As fundraising and marketing staff, you understand the why of donor trips, but a challenge you may still face is convincing your colleagues in the program department why they should take time to participate in a donor trip. (If you are wondering how program staff should and shouldn’t be involved in donor trips, see articles here and here.)
The ask of program staff may be as big as hosting a weeklong trip or as small as giving a sixty-minute presentation to donors at the local office, but I have heard of pushback either way. The sentiment of many staff members is: “We are on the front lines doing the critical work each day. We don’t have time to meet with a couple of donors. How is that more important than the work we’ve been hired to do?”
That’s a tough question to face—I get that. And whenever I was, in turn, asked, “How do we convince our program staff to participate in donor trips?” I used to be just as tough:
“You don’t,” I’d say. “If you have to convince your program team that meeting with donors is a worthwhile use of their time, then your CEO/ED/President hasn’t done enough to cultivate a culture of philanthropy at your organization. Once every person at the organization knows how their salaries are being paid for, then we’ll talk.”
(Over the years, I have talked to many program staff – and even board members – who had no idea what percentage of their organization’s budget was funded by individual donors, let alone how and why those individual donors give in the first place.)
While I still stand by my original statement, I also realize that change from the top is never fast and easy – and in the meantime, you’ve got a donor trip to plan. So, for those of you wondering what to do with your colleagues’ resistance, here is some advice.
Influencing people is about understanding their desires, their needs, their perspectives, their point of view. Set aside for now your desires, your needs, your perspective, and your point of view to make space for theirs. Only once you have made that space are you able to connect what they want to what you want.
If their concern is time…
Connect the revenue goals to their department’s goals.
Show them where your revenue is coming from and how the potential increase in revenue will lead to deeper investments in programs. I’ve never met a program staff member who said, “We have all the resources we need here.” Most are desperately wishing for more colleagues, more materials, high budgets. Show them how a donor trip could lead to increased investment and, thus, more staff and, thus, less burden on them.
Ask how they envision being involved and show them willingness to work it out based on their schedules.
There is not one way to involve program staff (actually, the way most nonprofits think to involve program staff is totally inappropriate!). Show them that you won’t burden them with unnecessary meetings and decisions over gluten-free menu options. You are only assigning them the tasks they love to do—so this will speak to their strengths.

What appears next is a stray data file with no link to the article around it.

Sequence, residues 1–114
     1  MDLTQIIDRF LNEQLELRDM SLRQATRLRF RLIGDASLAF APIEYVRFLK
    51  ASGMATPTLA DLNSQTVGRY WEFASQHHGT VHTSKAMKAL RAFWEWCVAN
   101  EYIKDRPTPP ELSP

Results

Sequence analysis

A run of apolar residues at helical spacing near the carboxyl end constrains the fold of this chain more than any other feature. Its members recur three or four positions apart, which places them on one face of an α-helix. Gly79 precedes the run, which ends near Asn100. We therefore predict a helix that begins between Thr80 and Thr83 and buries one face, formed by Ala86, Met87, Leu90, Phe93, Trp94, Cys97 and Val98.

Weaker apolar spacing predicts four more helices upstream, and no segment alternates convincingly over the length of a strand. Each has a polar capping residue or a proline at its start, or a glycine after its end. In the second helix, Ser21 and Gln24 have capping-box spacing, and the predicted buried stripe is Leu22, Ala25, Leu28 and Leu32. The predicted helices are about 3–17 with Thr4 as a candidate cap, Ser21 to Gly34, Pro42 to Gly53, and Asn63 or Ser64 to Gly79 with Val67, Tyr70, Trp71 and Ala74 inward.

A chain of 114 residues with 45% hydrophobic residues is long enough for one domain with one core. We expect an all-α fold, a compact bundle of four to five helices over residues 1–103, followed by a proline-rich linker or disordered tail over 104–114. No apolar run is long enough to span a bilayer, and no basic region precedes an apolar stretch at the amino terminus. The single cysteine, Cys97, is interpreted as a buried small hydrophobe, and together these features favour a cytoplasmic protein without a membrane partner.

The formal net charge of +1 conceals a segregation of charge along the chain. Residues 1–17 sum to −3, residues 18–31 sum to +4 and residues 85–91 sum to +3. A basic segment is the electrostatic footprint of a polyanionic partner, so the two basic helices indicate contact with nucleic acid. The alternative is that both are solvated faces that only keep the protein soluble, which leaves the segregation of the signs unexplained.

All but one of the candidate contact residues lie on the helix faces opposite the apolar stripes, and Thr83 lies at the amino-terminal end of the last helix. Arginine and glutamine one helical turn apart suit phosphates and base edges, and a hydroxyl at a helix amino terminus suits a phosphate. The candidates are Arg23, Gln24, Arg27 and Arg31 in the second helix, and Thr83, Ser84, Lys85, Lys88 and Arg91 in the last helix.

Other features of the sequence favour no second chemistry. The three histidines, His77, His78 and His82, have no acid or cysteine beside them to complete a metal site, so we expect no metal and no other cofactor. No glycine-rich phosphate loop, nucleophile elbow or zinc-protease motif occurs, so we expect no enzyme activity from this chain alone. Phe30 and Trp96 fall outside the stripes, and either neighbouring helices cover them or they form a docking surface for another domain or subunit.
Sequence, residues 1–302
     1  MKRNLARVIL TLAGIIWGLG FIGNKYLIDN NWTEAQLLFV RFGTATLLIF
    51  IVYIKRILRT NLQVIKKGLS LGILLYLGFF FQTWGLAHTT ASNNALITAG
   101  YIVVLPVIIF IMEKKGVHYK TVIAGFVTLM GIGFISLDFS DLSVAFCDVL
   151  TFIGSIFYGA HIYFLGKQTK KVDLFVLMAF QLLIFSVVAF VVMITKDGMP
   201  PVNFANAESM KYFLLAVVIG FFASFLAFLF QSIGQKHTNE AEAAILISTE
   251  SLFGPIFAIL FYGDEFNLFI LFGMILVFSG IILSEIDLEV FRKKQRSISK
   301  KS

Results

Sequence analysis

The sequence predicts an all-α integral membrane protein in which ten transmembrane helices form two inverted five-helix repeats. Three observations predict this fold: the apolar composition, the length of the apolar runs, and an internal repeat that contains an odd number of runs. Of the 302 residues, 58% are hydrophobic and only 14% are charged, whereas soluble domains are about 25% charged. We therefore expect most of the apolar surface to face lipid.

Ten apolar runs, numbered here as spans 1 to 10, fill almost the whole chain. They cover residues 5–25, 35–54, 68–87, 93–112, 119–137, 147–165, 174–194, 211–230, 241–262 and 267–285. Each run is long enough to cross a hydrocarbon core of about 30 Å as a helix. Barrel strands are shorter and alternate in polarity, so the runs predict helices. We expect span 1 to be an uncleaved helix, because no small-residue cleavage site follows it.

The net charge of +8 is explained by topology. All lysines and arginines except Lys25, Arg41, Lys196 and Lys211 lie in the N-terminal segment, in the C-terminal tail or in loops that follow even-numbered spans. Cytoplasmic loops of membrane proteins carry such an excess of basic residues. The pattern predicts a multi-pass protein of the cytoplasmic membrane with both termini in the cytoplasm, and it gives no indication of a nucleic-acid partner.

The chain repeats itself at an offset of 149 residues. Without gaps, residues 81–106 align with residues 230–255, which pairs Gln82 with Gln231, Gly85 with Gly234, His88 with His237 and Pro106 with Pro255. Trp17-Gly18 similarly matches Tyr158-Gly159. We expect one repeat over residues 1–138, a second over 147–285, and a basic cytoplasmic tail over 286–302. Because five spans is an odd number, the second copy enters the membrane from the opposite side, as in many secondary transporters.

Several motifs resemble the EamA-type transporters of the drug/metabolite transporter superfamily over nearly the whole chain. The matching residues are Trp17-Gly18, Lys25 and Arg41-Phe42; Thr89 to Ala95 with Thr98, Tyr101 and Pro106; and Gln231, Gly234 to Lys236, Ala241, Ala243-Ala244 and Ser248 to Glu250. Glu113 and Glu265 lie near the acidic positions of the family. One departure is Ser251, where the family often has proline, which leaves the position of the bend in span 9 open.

If their concern is relevance…
Explain your donor’s interests and objectives.
The program staff probably have more in common with the donors than they realize. Donors are typically well-versed in the mission and passionate about the cause—much like program staff. Remind them that they will be speaking to their peers: other like-minded individuals who want to learn more and invest accordingly.
Explain the organization’s interests and objectives.
This trip needs to clearly align with your organization’s mission, strategic plan, and development (fundraising) plan. If it doesn’t…you better read this article! Once your program staff see how their work is intimately connected with yours, they will understand why you are going to them with the request.
If their concern is client exploitation…
Listen to them.
Listen first to their concerns around client privacy and client interactions. Ask if they have experienced negative situations in the past; you can’t know their concerns without asking them. Instead of arguing, you can turn the conversation around through simple communication:
Program Staff: “There’s no way we can bring donors here. Their interactions with clients could be very problematic.”
Don’t say: “But we’ll be really careful about who we select, and I will train them and brief them before they come.”
Do say: “That’s exactly why we’re meeting. Could you help me brainstorm some strategies to prevent these problematic occurrences? We could talk about donor selection, training, briefing…”
Now you’ve at least got them thinking about what you can do, instead of what you can’t do.
Show them how you will avoid exploitation.
There are absolutely situations where any donor-client interaction would be inappropriate. Really listen to your program colleagues to confirm what is possible. If it is decided that donor-client interactions would be possible, then download some of my free resources on avoiding exploitation and bring them to a meeting with staff (after you have heard them out). You can discuss case studies and protocol (e.g., how incidents will be managed); preparation (of both them and donors); and how you will work collaboratively with your colleagues to design an experience that serves all interests.